The nine best picture Oscar nominees need to woo voters. Here’s how they should do it

Joaquin Phoenix in "Joker," a movie he says is about "childhood trauma, gun violence, isolation and mental health."
(Niko Tavernise / Warner Bros.)

It’s a thrill to be nominated, sure. But everyone wants to go home with an Oscar. And with voting about to begin, awards consultants are busy fine-tuning their pitches to academy members, making final appeals to their exquisite taste, their sense of decency and, yes, throwing in a dash of shame for good measure.

How might those overtures look for each of the movies nominated for best picture? Let’s look at the nine campaigns.


We know you’re hearing the whispers about how the movie’s simulated single-take construction is just a gimmick, and that “1917" is nothing more than an elevated Xbox game. God forbid people enjoy themselves watching a movie. Beyond that, with our nation on the precipice of war, here’s a substantive (and exciting!) examination of the horrors and human cost of war and why we must learn from history and not repeat it. And also what to do and what not to do if a German aircraft crashes into a barn near where you’re standing.



[Vroooooooooooooom, vrooooooooooooom!] What’s that? I can’t hear you! [Vroooooooooooooom, vrooooooooooooom!] No, I’m not in the car. I’m watching “Ford v. Ferrari!” That sound puts you right in the movie, doesn’t it? You can feel the horsepower deep in your bones, right? [Vroooooooooooooom, vrooooooooooooom!] What? Why, yes, we did get nominations in both sound categories! Editing too! Feels like we should win a couple of those Oscars. I mean, that’d give us two more wins than some of these movies are going to get. What’s that? [Vroooooooooooooom, vrooooooooooooom!] Just listen to that sound! It’s like you’re right there at the racetrack ...


OK. OK. No, this isn’t as “fun” as “Goodfellas.” That’s the point. The wages of sin is death. Alone. In a nursing home. And you can’t have the wine because of the high blood pressure, the diabetes and the liver problems. Also because you murdered your best friend. Ruminate on that. Preferably in a theater. Because it loses something streaming it on your laptop.


Have we mentioned that it’s an “anti-hate satire?” We have? Like a thousand times? Sorry. You’ve probably heard the comparisons to Chaplin and Mel Brooks too then. OK, consider this: In a climate where governments demonize the “other,” this movie shows the poisonous effects of unchecked intolerance. It’s a celebration of empathy. With really cute kids! Does that make this the most relevant movie among the nominees? Correctamundo!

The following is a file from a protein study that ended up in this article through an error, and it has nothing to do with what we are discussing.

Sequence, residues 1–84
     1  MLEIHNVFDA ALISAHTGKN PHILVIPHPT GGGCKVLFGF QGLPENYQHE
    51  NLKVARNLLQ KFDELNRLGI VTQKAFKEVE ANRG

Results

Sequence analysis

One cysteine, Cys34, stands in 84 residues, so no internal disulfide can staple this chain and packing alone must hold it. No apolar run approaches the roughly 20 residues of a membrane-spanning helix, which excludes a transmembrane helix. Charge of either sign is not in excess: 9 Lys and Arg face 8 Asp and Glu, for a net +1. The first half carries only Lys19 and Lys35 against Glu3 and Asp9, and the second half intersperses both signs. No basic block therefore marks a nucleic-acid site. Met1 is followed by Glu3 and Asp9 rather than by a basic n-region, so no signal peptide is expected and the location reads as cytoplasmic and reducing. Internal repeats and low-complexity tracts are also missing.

Forget for a moment about the billion dollars that this movie has earned. Consider instead the words of star Joaquin Phoenix who, accepting another award on the road to his inevitable lead actor Oscar, noted that this is a movie that uses a comic book character to talk about “childhood trauma, gun violence, isolation and mental health.” Now, Phoenix’s incessant cackling in the movie might have drowned all that out. But it’s there, we swear, in this portrait of a forgotten man in a world that has failed him. Also: Billion dollars at the box office.


Guys. Guuuuuuuys. We know you hate it when we say this, but ... we need to talk. From the second it was announced that Greta Gerwig was going to write and direct a new “Little Women,” you have done nothing but whine and complain that we don’t need another “Little Women,” and that the movie isn’t meant for you and that, post #MeToo, you don’t know what women want or how to act around women when you’re, like, in an elevator with them. Guess what? You could learn a few things by, you know, WATCHING “LITTLE WOMEN.” Also: You might — hold onto your game controllers! — actually enjoy yourselves. It’s a really fun movie!


[Cue up Otis Redding] What you should love about “Marriage Story”: It’s a great movie. Heartbreaking. It’s a movie that devastates ... really devastates. It offers great performances. It’s unflinching. It knows when to push you. And when to leave you alone. Also: It’s just as good as “Kramer vs. Kramer,” which, might we remind you, won the Oscar for best picture. Final note: Please forgive the jabs at L.A. We love your city, even if it’s a festering cesspool of strip malls and shallow people.


“1917" director Sam Mendes won best picture for “American Beauty.” Martin Scorsese won best picture with “The Departed.” Both won Oscars for directing those movies. You know who doesn’t have an Oscar for director? One of our greatest living filmmakers, Quentin Tarantino. It is time to right that wrong, and this movie about Hollywood and the unsung people in the movie industry who give their hearts and souls to their jobs is just the movie to reward. And since Tarantino says he’s going to retire after his next film, the time is NOW.


We know you’re voting for it for international feature. Thank you. But “Parasite” is the best picture of the year — in any language. And that’s literally the title of this award. What more do you need to know?